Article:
|Publication number||US6081728 A|
|Application number||US 08/810,303|
|Publication date||Jun 27, 2000|
|Filing date||Feb 28, 1997|
|Priority date||Feb 28, 1997|
|Also published as||CN1192061A, EP0862241A2, EP0862241A3|
|Publication number||08810303, 810303, US 6081728 A, US 6081728A, US-A-6081728, US6081728 A, US6081728A|
|Inventors||Richard B. Stein, Wesley R. Paxman, Henry G. Ryman|
|Original Assignee||Andrew Corporation|
|Export Citation||BiBTeX, EndNote, RefMan|
|Patent Citations (28), Non-Patent Citations (2), Referenced by (25), Classifications (11), Legal Events (4)|
|External Links: USPTO, USPTO Assignment, Espacenet|
The present invention relates generally to the field of radiating cables and, more particularly, to flat, strip-type transmission line cables adapted to radiate electromagnetic energy for communications applications.
Heretofore, radiating cables have primarily consisted of "leaky" coaxial cables having inner and outer conductors separated by a dielectric material, in which the outer conductor is provided with either a continuous slot or a row of apertures extending lengthwise along the cable. In cables including a row of apertures, many apertures are typically provided per wavelength in order to physically approximate a continuous slot. In either case, the slot or apertures serve to couple electromagnetic signals radiating within the cable to fields radiating outside of the cable, such that the cable may be used as a distributed antenna for transmitting or receiving electromagnetic energy. Such radiating coaxial cables have proven to be useful for a wide variety of communications applications. However, radiating coaxial cables are relatively expensive to manufacture and install, due to their mechanical complexity and round, stiff structure. Accordingly, there is a need for an alternative type of radiating cable that may be used as a distributed antenna for transmitting or receiving electromagnetic energy, but which may be more inexpensively manufactured and installed than radiating coaxial cables. The present invention is directed to addressing this need.
It is a primary object of the invention to provide a radiating transmission line cable comprised of a plurality of flat conductive strips disposed in parallel relationship to one or more flat dielectric materials.
It is another object of this invention is to provide such a radiating transmission line cable supporting a broadband radiation pattern adapted for radio communications applications.
A further object of this invention is to provide such a radiating transmission line cable which can be efficiently and inexpensively manufactured and installed.
Still another object of this invention is to provide such a radiating transmission line cable from materials having little weight and a relatively small size.
A still further object of this invention is to provide such a radiating transmission line cable which may be easily attached and secured to a variety of surfaces.
Other objects and advantages of the invention will be apparent from the following detailed description and the accompanying drawings.
The foregoing and other advantages of the invention will become apparent upon reading the following detailed description and upon reference to the drawings in which:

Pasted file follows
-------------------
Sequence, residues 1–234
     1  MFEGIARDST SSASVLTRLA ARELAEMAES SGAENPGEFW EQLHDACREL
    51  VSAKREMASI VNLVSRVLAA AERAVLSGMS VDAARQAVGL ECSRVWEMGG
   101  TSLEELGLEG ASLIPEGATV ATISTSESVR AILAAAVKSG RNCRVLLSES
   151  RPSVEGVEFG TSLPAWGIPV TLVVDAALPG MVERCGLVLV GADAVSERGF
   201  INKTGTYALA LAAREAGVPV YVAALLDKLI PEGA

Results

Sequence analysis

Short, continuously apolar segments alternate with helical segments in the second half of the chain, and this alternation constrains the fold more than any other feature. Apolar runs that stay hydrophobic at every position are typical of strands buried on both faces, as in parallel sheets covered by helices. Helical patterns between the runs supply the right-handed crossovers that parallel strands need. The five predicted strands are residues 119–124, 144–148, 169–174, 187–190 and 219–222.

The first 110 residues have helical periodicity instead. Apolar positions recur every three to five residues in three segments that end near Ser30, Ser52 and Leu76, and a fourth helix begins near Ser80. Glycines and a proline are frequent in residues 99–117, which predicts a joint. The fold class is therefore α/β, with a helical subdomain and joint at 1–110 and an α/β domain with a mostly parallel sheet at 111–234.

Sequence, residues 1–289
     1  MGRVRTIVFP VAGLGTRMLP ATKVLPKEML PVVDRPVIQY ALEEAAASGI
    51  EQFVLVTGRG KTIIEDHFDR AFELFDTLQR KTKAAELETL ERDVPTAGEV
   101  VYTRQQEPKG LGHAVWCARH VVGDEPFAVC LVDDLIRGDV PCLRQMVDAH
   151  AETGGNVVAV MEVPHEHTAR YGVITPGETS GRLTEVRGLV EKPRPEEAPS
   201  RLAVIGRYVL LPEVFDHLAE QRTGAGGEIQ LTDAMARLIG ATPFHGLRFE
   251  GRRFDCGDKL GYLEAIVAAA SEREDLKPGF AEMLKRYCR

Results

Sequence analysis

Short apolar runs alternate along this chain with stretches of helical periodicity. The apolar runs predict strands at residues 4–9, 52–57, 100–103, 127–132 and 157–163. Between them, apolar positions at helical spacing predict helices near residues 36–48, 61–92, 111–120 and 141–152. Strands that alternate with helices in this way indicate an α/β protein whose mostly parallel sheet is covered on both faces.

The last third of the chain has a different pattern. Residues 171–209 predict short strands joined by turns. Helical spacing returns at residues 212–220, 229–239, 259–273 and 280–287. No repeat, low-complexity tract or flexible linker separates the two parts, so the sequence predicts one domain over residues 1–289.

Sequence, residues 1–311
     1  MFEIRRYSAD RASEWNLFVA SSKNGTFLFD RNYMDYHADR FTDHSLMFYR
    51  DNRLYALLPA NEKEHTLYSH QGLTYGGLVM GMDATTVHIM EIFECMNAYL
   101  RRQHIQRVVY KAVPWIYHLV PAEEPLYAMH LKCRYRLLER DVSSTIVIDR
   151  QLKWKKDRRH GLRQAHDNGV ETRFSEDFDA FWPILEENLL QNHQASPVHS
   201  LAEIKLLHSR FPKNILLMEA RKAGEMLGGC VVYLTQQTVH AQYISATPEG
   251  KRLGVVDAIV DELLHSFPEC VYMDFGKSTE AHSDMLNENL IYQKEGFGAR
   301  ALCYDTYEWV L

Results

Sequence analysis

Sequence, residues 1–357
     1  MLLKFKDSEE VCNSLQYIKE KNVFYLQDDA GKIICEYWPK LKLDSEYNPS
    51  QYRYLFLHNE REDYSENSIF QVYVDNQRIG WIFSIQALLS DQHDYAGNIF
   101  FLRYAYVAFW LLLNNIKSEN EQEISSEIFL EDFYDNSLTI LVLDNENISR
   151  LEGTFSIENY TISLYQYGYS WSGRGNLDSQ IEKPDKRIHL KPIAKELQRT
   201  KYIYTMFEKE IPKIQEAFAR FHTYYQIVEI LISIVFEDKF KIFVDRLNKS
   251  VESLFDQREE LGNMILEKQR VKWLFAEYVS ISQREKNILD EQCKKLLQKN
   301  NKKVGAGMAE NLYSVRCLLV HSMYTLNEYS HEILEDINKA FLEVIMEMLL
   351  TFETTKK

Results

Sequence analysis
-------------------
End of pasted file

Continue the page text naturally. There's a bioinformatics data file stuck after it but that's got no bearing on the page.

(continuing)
FIG. 1 is an end view of a coplanar transmission line cable with a ground plane according to one embodiment of the present invention;
FIG. 2 is an end view of the coplanar transmission line cable of FIG. 1 including an external covering;
FIG. 3 is an end view of the coplanar transmission line cable of FIG. 1 without a ground plane;
FIG. 4 is an end view of a symmetrical stripline transmission line cable according to one embodiment of the present invention;
FIG. 5 is an end view of a microstrip transmission line cable according to one embodiment of the present invention;
FIG. 6 is a perspective view of a slip-on connector which may be used to introduce electrical signals to the cables of FIGS. 1, 3 or 5; and
FIG. 7 is a perspective view of the coplanar transmission line cable 10 of FIG. 1 in a radio communications application.
While the invention is susceptible to various modifications and alternative forms, specific embodiments have been shown by way of example in the drawings and will be described in detail herein. However, it should be understood that the invention is not intended to be limited to the particular forms disclosed. Rather, the invention is to cover all modifications, equivalents, and alternatives falling within the spirit and scope of the invention as defined by the appended claims.
Turning now to the drawings and referring initially to FIG. 1, there is shown a coplanar transmission line cable with a ground plane, generally designated by reference numeral 10. The cable 10 is comprised of a center strip conductor 12 and two outer strip conductors 14a and 14b disposed on a first side 15 of a generally planar inner dielectric 18. The center strip conductor has a width wc and is separated from the outer strip conductors 14a, 14b by respective gaps 16a, 16b each having a width wg. The inner dielectric 18 has a thickness t. A ground plane 20 is disposed on a second side 22 of the inner dielectric 18, separated from the center strip conductor 12 and two outer strip conductors 14a, 14b by the thickness t of the inner dielectric. Alternatively, the outer strip conductors 14a, 14b and ground plane 20 may be physically connected, either at the outside edges 24a, 24b or through the inner dielectric 18 of the cable 10.
In a preferred embodiment, the center strip conductor 12, two outer strip conductors 14a, 14b and ground plane 20 are each comprised of a thin strip of smooth or corrugated conducting material such as copper, aluminum or copper-clad aluminum foil, while the inner dielectric 18 is comprised of low-loss foam dielectric material such as cellular polyethylene or the like. In a preferred embodiment, the inner dielectric 18 is comprised of closed-cell non-cross-linked polyethylene having a dielectric constant of about 1.1. Nevertheless, it will be appreciated that the composition of the cable 10 may consist of any of several alternative conductive or dielectric materials known in the art.